Check out Figure.NZ, a website devoted to data democracy. The aim is to make public, private and academic data about New Zealand free for all to use so that evidence-based decisions can improve lives. The website uses graphs to make the data come alive and illustrate trends that anyone can quickly understand. Sadly, the chart below demonstrates that things aren't so rosy at the moment in terms of the establishment of new businesses.
Market size info for small markets like New Zealand or niche products can be tricky to find. Sometimes, a best-efforts estimation is the only option. Here are some tips to help you if you need some market size or value data.
Define your market first, i.e. by geography, technology, demography, use or sector and stick to it.
Formulate how you will do your calculations. It should be a combination of desk research for any published information and primary analysis to back up any initial conclusions and for sense-making.
Only use reputable data from secondary research. Look carefully at how they have come to their conclusions and double check it. Does it make sense? Is the data they have measured fit with your market parameters?
When doing the desk research, pick up on any trend data that is coming up that will affect future market share, e.g. disruptors entering via new technology, changes in packaging needs, or trends in dietary preferences by customers. This information is valuable as an early-warning indicator of change in the market, allowing you to prepare.
Once you’ve got some market size/ value numbers, make sure that you carefully cite the source data. If you need to do this exercise again, it’s a big help to have the framework of past calculations to start from, and then you can tweak if necessary.
If statistical analysis isn’t your thing, then gather the data and get someone who knows how to forecast and model numbers.
Be transparent - tell people it’s a ‘best efforts’ result, but show how you got to the conclusion you have and what the parameters were. Market size/value is often an educated guess as people, and the choices they make are often very fluid and can change overnight.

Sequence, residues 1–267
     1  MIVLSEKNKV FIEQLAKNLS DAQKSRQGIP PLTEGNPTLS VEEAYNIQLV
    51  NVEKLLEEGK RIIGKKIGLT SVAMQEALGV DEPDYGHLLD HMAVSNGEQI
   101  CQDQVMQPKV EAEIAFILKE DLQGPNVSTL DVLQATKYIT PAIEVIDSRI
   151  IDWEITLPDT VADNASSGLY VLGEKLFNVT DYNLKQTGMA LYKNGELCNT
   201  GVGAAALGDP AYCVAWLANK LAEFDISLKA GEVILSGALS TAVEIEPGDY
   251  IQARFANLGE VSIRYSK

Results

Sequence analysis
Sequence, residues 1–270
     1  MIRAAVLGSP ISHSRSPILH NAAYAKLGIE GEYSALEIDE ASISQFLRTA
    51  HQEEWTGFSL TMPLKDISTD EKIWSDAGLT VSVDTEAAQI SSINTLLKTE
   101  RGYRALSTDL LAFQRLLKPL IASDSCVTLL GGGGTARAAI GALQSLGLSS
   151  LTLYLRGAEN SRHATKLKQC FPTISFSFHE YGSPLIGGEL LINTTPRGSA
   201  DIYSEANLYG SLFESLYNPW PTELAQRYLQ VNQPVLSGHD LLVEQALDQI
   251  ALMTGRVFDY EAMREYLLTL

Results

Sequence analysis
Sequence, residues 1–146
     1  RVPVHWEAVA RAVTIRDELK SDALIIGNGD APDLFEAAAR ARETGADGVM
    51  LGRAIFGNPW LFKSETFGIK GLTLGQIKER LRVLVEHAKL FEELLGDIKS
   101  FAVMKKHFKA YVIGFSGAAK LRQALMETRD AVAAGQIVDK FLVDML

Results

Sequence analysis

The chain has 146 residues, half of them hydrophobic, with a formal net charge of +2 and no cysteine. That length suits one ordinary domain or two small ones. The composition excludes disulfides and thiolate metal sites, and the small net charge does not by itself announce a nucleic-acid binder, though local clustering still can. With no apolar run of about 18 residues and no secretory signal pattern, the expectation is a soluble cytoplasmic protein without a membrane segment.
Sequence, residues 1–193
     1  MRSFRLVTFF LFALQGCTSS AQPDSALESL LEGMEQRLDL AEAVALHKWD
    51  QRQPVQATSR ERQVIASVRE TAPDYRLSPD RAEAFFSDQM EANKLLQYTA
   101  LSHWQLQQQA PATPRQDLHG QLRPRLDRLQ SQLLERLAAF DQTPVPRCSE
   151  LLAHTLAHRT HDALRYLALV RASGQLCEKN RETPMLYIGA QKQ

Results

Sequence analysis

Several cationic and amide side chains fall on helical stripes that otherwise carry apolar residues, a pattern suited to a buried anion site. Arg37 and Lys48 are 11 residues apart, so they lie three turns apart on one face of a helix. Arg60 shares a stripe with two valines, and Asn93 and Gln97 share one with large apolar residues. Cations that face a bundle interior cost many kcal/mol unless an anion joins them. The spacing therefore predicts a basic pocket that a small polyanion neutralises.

I often get asked for business research on the Australian market, and one of the first places I look is Trove, the National Library of Australia's catalogue of journals and news items, much of which is now digitised. All the important business or industry journals are indexed there, so it's easy to find that background info you're after. Want the New Zealand equivalent? It's INNZ.Read More
It’s that time of year when we look at consumer preference trends in 2017 and forecast what 2018 might be like. If you want some futuristic inspiration or need to get up-to-speed quick smart with what’s changing, try these reports on trends…
Kantar Millward Brown's Media & Digital Predictions provides marketers with a guide to the challenges and opportunities ahead in 2018.
Euromonitor's 'What's New in Retail: Emerging Global Concepts in 2017'.
The Innovation Group’s ‘The Future 100 2018’, their annual snapshot of the year ahead and the most compelling trends to keep on the radar.
Euromonitor sets out their forecasts for six industry sectors; automotive, consumer goods, retail, financial services, healthcare and telecommunications in 2018.
New Zealand retail trends for 2018
Looks like we're on the cusp of massive change! Email me (email@example.com) if you need help keeping up with it all. We specialise in getting rid of the all the noise, so you only get the good, life-changing insight.
The New Zealand Story (https://www.nzstory.govt.nz/pages/about) was created with extensive input from over 200 leaders from the primary sector, manufacturing, Māori, export industry, education and wider government services to promote New Zealand. Lots of good on-the-ground research here. One report about exporting to Japan reminds Kiwi's to highlight how we excel by being creative and ingenious in primary markets rather than telling them how good we are at supplying agricultural products.
New Zealand is well known for the quality of the food it produces.